Once a year to celebrate the Autumn Lantern festival, there is a special display mounted in the gardens surrounding the lake and the pagoda.
We enjoyed the spectacle last evening and it was well worth the $S12 per adult admission.
The evening was sultry but there was a gentle breeze off the water which cooled things down.
The other noticeable thing about the Mid-Autumn festival is the re-appearance of the ubiquitous Mooncake.
Being a traditionalist at heart I enjoy the white lotus paste filling with double duck egg yolks in the Cantonese style. The combination of the saltiness of the duck egss and the sweetness of the lotus paste may not be to Western tastes but one bite and I took to them like a duck to water, if you will excuse the pun!
This year the cake have been a bit pricier as thousands of the duck eggs from China were rejected by the Singapore Food authorities.
Another moon cake popular in Singapore are Teochew Yam Mooncakes which have a spiralled, flaky crust.
Other traditonal festival foods include the eating of Pomelo (the Ipoh variety from Malaysia are very sweet), piglet biscuits, baby yams and a most unusual nut called Niu Jiao Jian (Bull's Horn). They were on sale in our local Cold Storage supermarket (see image above left). I have yet to sample Niu Jiao Jian but shall do so when there is a chance to try some.
Friday, 21 September 2007
and my clothes were damp and dank
not a breath of wind was stirring
while the drains beside me stank
Just a plaintive throaty warbling
ahigh the pong pong tree
the dry season's come a'calling
for the bird as much for me
The fumy buses passing
by the shelter where I stand
I wave in desperation
with make shift fan in hand
The dry seasons come a'calling
to the Queenstown MRT
I stand upon the platform
just my plastic card
Sunday, 16 September 2007
From the Sanctum of Enlightened Respect III is the third part of the exhibition installment from the collection of Singaporean collector, Denis Low.
There were 355 snuff bottles on display and the artistic interpretations in miniature were quite outstanding.
Unlike many of the exhibitions on view, this was in a free section of the museum and open to all. Denis Low's collection is regarded as one of the worlds finest.
It takes us next to no time to get to the museum as we take the MRT from our station direct to Raffles Place and exit at the Battery Road entrance. A quick stroll across the Cavenagh Bridge and we are there.
All in all a most pleasant afternoon topped off with another splendid duck curry at the Museum's Indochine restaurant.
This entry has taken place over a couple of days and yesterday, Monday September 17th, marked the anniversary of our arrival in Singapore exactly one year ago. It is therefore appropriate to pause and reflect on what has happened these past twelve months.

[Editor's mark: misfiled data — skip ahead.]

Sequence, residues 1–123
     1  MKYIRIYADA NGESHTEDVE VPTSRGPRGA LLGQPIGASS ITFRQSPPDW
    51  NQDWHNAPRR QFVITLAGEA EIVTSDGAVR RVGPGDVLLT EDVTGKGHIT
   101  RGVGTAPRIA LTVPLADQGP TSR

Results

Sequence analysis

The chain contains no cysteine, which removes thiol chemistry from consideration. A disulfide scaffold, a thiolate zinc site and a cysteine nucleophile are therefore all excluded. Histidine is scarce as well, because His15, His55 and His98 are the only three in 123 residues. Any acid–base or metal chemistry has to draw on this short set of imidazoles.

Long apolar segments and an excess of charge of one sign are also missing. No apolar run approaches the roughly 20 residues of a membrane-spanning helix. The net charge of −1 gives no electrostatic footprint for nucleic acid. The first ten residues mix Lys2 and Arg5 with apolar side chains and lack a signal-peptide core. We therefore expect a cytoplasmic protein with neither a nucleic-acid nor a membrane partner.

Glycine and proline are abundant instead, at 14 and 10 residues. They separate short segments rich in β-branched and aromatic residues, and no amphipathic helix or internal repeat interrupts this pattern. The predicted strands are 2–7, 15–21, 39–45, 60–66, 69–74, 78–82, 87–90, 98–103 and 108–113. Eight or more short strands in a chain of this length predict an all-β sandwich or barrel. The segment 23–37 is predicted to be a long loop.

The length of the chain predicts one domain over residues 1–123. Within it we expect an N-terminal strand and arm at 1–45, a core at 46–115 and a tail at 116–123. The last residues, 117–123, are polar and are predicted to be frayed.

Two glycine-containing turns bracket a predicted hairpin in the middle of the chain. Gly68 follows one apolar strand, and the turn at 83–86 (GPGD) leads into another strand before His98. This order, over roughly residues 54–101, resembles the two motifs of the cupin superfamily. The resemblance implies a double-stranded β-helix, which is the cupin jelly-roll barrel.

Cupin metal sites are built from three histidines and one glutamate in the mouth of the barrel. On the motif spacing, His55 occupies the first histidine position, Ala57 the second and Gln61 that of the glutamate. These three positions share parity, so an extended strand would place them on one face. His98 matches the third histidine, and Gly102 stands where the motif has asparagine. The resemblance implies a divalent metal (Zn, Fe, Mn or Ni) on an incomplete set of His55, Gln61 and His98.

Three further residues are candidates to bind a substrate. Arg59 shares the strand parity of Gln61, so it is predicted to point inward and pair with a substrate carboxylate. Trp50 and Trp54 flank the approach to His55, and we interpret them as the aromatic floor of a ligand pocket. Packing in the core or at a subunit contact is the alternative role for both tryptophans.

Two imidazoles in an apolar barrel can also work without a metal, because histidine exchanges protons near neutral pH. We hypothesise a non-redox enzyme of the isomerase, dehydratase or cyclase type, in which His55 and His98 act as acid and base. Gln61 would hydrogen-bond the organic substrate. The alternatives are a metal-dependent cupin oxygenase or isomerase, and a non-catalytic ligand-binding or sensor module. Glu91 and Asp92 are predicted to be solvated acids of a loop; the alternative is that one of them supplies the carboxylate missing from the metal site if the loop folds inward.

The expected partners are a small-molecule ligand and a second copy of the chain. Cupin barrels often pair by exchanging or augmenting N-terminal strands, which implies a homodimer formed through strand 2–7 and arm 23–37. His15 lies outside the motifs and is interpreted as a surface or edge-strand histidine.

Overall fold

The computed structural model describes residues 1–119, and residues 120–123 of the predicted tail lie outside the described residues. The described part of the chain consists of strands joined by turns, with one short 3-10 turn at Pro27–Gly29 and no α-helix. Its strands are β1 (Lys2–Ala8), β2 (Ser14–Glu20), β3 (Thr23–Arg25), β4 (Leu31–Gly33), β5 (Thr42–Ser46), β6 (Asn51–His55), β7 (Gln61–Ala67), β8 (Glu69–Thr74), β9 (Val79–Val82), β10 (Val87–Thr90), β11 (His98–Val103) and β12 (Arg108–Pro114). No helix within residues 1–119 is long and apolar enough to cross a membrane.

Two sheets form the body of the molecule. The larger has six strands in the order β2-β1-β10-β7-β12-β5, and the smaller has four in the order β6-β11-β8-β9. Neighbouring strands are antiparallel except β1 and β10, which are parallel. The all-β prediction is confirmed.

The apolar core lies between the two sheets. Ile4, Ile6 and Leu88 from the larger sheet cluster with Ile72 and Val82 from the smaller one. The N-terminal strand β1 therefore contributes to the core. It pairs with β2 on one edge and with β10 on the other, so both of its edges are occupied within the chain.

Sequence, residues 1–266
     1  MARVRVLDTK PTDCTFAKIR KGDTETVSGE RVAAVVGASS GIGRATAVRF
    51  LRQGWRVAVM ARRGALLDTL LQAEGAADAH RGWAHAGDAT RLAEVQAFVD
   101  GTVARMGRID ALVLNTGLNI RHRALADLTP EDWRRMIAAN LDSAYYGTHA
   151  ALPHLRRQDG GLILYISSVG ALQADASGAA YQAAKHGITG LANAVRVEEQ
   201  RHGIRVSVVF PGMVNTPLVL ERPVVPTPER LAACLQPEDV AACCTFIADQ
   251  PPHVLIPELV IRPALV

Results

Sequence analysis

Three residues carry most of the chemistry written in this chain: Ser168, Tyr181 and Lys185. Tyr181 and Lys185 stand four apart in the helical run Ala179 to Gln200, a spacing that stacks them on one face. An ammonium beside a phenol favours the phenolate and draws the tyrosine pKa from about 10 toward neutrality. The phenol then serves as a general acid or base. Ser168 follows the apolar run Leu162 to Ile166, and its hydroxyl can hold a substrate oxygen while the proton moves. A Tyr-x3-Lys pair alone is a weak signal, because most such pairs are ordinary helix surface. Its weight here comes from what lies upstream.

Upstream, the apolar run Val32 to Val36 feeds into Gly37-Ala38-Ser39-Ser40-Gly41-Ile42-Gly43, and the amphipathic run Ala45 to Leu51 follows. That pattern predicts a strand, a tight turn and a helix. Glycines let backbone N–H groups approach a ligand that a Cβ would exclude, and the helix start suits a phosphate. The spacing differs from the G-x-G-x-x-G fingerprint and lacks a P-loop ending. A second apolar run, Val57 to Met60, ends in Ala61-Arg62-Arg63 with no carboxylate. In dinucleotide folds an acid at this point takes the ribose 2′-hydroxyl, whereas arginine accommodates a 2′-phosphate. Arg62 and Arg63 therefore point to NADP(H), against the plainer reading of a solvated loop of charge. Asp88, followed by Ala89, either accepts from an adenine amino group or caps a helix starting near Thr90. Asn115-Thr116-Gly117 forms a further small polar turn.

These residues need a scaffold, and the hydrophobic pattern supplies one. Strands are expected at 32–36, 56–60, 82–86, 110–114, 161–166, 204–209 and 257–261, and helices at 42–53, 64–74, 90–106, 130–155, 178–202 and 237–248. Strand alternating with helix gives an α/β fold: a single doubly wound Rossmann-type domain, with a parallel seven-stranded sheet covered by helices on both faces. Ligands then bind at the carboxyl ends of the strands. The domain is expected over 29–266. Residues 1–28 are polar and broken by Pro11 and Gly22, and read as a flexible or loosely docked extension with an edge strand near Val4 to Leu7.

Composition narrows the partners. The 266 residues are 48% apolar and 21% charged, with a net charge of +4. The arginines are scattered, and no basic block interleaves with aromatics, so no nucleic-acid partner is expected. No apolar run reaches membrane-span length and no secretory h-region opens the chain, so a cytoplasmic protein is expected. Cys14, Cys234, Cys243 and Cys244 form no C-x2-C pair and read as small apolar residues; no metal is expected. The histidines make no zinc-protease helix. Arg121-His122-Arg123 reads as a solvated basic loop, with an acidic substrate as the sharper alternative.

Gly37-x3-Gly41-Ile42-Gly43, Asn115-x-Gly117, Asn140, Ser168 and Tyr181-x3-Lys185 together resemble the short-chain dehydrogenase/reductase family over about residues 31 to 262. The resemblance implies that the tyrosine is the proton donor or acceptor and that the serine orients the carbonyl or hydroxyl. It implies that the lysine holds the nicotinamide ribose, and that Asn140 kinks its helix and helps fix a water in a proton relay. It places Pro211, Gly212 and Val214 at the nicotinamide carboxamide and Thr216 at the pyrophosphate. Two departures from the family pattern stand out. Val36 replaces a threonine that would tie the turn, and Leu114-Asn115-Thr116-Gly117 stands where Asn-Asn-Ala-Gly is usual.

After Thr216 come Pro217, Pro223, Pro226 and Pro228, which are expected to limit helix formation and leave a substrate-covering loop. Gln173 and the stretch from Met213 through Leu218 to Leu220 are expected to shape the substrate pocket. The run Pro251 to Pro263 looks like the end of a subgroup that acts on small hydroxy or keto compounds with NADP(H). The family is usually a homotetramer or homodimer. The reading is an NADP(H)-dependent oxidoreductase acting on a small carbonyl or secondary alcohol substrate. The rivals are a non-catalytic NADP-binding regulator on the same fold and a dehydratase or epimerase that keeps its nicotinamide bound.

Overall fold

Firstly, apart from good friends left behind, I have no regrets about leaving New Zealand and coming to Singapore. I rarely even look at the NZ Herald online but when I do so it seems to be a litany of violent assaults in South Auckland, police on trial for various offences, news of an increasingly moribund Labour Government and politically correct nonsense such as allowing illegal Algerian overstayers a right of passage into the country. Not forgetting of course the continuing failure to address the severe traffic problems in the major cities. Lots of talk and no action!
In direct comparison, I can walk the streets of Singapore at most hours of the day and night in relative security, there is no major 'P' drug problem that threatens the fabric of society, the economy is booming and the air of optimism in the Republic is invigorating.
Not everything should be viewed through rose coloured spectacles of course. The heat at times can be oppressive, even for the locals. The positive side of this is no more winters! It does mean that a lot of time is spent in an airconditioned environment.
Singapore is not a big country and it has a lot of buildings and (increasingly) people. This means that one needs to escape from time to time to places such as the Botannical Gardens for some quite reflection but generally speaking I enjoy the hustle and bustle that accompanies the day.
I remain employed by a university even though it was not the same one that I left new Zealand to be part of. The UNSW Asia debacle still rankles, not because I wish to retain any association at all with UNSW, but because of the pain and suffering inflicted on everyone left high and dry by the Vice Chancellor's actions. Working at NUS is far more productive and the university far better endowed than most.
All in all, a stimulating 12 months.